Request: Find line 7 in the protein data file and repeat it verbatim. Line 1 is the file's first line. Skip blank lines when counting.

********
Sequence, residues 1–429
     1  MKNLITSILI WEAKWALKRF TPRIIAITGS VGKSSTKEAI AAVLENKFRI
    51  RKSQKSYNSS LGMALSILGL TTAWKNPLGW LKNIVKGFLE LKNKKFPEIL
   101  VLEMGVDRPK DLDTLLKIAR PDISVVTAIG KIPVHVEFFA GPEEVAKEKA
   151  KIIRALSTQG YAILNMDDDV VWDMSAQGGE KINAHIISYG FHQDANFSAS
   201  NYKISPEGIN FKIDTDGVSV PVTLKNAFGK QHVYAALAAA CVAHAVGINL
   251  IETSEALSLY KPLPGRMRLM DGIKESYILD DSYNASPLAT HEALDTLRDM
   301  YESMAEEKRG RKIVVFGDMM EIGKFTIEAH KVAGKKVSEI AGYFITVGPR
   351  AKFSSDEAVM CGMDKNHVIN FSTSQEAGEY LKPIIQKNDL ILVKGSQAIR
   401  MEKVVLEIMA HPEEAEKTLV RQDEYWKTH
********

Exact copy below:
   251  IETSEALSLY KPLPGRMRLM DGIKESYILD DSYNASPLAT HEALDTLRDM